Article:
done, it was the place the artists came to work. The film started pre-production
late in ‘99 and I’ll be done in another 2 months, so it will be
two years I’ve been with the production.
MATRIX: What kind of building were you asked to find?
they were looking for was very much on the cutting edge of what production
offices are now, which is high speed everything; the capability
to basically do everything within one building. We can do editing there, a
lot of the visual effects and conceptual art was designed there, and it’s
set up for video conferencing. Basically it’s the place where the film
was conceived. The more people that are close to help collaborate, the better
off the situation is.
MATRIX: After finding the production building, what was the next location needed?
were looking at finding a practical freeway to film the car chase on, which
was going to be about 6 to 7 weeks of shutting down a major freeway.
It was originally thought that they needed 4 to 5 miles of super highway in
both directions. We sent scouts out around the world: we had people looking
around Kuala Lumpur, people looking at Bangkok, people looking at the autobahn
in Germany, and I personally looked through the northern United States. I don’t
think we left a stone unturned, and we wound up with a freeway in Akron [Ohio],
but due to scheduling and weather we ultimately decided that was impractical,
it would be better to build it.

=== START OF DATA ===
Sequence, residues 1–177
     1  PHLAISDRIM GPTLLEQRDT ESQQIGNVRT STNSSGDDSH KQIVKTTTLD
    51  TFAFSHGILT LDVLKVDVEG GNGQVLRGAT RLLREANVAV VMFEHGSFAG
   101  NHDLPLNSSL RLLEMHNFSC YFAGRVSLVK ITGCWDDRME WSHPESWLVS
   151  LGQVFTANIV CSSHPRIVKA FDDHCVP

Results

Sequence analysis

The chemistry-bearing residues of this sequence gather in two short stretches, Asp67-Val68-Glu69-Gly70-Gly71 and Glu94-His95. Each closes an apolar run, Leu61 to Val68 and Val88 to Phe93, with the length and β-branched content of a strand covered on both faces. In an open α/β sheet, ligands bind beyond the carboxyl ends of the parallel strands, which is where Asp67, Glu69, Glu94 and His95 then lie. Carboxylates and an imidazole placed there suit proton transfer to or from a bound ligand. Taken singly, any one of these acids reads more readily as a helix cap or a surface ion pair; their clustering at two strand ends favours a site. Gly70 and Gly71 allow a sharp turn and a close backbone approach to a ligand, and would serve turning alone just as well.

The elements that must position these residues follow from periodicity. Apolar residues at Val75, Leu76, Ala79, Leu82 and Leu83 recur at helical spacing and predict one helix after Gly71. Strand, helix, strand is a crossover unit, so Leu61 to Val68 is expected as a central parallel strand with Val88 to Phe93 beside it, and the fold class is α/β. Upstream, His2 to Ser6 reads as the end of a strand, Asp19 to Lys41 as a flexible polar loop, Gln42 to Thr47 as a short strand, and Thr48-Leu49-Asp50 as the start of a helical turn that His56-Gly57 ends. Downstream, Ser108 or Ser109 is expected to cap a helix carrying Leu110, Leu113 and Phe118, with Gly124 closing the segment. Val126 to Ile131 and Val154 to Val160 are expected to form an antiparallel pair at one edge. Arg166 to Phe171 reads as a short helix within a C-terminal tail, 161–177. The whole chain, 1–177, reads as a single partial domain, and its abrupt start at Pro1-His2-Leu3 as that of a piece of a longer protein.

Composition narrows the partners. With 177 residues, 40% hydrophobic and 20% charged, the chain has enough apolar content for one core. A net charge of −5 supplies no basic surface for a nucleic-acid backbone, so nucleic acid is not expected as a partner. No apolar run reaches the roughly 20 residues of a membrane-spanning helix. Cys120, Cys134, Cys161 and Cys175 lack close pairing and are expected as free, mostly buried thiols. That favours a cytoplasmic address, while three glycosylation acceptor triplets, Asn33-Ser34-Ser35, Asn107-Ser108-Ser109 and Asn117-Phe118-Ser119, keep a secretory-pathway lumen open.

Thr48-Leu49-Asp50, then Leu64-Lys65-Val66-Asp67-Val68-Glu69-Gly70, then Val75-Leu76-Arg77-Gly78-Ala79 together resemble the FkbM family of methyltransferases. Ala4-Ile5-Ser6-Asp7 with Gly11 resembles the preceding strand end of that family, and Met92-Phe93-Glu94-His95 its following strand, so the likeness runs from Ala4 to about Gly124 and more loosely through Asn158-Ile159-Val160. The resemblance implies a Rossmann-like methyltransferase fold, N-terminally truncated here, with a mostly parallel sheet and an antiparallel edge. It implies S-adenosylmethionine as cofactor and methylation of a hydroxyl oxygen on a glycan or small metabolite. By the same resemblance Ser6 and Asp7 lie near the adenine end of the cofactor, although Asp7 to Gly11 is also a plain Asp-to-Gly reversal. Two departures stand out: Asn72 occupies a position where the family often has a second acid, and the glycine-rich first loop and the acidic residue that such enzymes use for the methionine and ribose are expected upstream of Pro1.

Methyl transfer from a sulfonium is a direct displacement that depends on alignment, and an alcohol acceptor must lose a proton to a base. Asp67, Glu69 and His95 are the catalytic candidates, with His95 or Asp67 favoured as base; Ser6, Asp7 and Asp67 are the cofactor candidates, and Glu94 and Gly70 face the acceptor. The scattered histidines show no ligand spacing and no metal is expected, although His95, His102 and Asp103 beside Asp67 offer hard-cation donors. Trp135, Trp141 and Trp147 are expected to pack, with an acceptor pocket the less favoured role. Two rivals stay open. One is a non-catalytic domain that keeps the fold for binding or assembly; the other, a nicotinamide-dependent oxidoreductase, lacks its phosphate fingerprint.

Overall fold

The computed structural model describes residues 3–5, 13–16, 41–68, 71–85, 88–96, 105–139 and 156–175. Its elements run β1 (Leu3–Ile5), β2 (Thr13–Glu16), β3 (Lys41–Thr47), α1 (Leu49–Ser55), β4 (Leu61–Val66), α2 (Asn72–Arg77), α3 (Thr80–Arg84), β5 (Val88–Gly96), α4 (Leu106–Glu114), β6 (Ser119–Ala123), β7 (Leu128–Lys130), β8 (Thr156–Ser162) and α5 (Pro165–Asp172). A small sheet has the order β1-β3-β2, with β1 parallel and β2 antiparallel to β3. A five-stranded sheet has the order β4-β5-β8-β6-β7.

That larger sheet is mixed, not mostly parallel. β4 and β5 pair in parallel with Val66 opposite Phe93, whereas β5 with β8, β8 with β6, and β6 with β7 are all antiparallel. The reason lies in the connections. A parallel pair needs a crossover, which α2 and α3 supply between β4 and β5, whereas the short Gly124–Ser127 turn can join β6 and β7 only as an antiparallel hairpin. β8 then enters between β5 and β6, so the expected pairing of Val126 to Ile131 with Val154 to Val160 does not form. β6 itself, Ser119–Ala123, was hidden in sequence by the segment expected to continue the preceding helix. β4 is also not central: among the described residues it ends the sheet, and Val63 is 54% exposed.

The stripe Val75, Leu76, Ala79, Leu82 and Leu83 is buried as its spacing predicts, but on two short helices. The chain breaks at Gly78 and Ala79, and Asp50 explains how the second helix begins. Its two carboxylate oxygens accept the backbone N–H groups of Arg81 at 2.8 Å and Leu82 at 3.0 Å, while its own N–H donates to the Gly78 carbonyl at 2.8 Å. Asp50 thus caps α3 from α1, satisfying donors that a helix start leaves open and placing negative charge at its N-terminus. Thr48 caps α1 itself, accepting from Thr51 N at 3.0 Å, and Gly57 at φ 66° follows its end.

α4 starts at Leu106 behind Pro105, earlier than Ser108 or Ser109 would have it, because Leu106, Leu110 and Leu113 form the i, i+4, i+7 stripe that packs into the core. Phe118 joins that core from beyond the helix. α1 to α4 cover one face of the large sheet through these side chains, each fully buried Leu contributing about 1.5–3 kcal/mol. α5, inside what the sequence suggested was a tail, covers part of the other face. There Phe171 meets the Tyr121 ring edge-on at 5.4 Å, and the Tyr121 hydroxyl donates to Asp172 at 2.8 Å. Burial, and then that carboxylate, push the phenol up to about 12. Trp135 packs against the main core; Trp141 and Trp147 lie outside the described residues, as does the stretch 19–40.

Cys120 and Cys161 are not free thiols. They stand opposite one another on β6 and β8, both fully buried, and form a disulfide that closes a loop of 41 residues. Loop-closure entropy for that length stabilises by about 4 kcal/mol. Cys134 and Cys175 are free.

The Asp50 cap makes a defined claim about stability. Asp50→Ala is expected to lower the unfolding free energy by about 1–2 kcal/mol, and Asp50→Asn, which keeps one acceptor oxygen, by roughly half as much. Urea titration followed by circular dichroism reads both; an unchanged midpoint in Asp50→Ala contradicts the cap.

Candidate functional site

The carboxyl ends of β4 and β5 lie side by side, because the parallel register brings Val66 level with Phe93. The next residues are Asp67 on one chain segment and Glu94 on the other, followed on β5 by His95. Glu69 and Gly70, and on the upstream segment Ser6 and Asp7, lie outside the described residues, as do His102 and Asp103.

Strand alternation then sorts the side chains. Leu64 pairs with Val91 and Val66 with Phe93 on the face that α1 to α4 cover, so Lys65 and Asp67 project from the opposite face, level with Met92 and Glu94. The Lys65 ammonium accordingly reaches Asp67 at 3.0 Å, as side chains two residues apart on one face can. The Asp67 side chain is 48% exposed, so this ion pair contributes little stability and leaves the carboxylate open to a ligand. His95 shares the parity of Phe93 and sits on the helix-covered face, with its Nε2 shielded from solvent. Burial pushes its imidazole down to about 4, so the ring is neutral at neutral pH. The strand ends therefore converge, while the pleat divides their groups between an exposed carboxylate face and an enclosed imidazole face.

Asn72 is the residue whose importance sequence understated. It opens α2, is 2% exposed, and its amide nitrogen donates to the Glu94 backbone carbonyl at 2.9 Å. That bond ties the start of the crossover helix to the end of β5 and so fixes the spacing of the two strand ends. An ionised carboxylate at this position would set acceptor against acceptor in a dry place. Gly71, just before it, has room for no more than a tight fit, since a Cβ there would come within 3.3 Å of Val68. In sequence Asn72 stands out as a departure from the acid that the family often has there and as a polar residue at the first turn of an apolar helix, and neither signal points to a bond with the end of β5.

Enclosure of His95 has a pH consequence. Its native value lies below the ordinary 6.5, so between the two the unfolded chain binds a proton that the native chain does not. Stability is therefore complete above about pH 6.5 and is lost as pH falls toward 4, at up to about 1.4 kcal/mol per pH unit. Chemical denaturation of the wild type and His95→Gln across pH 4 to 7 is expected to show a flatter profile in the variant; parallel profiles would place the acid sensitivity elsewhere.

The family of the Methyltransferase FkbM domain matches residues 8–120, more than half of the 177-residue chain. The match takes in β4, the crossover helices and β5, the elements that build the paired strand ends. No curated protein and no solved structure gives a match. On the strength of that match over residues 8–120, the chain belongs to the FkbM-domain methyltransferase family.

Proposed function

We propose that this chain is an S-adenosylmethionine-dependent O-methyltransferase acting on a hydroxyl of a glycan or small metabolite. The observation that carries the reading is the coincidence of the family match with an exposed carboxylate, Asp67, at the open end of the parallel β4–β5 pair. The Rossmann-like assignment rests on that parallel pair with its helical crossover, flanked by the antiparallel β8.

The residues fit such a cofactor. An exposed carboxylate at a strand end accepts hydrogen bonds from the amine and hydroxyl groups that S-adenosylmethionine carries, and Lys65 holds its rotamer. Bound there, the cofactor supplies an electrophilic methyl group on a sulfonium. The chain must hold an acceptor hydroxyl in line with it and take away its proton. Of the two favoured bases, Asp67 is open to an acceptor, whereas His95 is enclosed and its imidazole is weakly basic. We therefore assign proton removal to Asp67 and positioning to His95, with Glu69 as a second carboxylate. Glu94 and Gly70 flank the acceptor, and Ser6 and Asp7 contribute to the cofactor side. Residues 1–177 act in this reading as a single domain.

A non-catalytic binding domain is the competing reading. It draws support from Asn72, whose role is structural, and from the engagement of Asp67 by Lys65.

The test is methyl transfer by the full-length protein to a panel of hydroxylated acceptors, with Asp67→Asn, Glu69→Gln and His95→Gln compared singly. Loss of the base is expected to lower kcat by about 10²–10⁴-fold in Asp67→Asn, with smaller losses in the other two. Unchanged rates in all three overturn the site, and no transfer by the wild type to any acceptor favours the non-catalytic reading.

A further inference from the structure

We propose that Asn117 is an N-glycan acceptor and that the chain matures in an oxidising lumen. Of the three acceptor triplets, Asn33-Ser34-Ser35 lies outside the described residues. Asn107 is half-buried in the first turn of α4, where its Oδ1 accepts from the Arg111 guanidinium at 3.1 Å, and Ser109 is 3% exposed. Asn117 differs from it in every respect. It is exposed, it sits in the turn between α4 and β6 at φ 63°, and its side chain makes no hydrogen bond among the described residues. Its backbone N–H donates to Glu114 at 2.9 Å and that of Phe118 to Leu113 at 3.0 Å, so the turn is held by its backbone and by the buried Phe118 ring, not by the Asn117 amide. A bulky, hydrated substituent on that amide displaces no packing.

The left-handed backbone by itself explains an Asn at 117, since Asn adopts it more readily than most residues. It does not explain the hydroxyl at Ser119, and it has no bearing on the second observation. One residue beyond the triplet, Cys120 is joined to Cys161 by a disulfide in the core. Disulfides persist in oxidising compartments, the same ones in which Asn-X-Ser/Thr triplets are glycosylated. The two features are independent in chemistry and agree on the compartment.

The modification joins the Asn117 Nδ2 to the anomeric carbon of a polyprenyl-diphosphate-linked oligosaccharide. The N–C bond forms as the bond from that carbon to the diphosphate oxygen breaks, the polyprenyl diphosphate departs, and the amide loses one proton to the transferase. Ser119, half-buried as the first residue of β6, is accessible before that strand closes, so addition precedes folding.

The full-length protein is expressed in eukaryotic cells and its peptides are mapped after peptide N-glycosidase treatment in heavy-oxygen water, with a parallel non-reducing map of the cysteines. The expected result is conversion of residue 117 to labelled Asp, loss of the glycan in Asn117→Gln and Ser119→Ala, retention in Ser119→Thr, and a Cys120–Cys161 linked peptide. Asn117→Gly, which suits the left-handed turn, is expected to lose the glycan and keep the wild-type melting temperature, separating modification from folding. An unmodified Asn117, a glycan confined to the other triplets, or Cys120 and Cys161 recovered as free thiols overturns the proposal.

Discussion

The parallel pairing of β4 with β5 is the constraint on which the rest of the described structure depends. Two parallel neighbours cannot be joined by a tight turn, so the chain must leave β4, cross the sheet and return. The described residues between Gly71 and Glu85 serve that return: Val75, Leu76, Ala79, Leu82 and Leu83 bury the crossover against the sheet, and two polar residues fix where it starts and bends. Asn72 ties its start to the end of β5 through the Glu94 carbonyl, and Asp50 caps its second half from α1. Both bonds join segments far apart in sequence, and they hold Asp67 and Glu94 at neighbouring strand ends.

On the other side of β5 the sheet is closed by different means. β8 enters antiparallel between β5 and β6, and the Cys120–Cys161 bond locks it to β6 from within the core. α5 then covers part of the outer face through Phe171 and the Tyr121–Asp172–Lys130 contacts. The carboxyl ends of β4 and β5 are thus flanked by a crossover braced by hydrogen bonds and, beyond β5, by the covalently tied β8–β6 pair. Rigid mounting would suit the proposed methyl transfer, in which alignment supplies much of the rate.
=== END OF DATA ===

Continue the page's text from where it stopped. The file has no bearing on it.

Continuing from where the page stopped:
the past I’m sure you have commandeered roads; how difficult
would it have been for this production?
was massive. You have to realize that people are not standing in line to let
you shut down a major artery to their city for a month and a half
to two months, although there were some places that were willing to do it.
After watching what was filmed, it was pretty obvious that, for control purposes,
the right decision was made. Ultimately, we couldn’t have done what we
did here any place else.
MATRIX: Did the Locations Department have much to do with the building of the
far as the building of the freeway went, I secured the property and the actual
runway. Half of the runway is divided by a wildlife refuge which
has the California Least Tern, an endangered bird that nests there between
July and August, so we needed to secure the permit to be able to film next
to an endangered species. Part of it was that we had to be out of there by
May, but we had a biologist with us, and we had US Fish and Wildlife Service
people with us who monitored us the whole time and found our situation wasn’t
causing a problem for the birds at all. So they basically extended us an extra
MATRIX: Has there been much location shooting here in the US?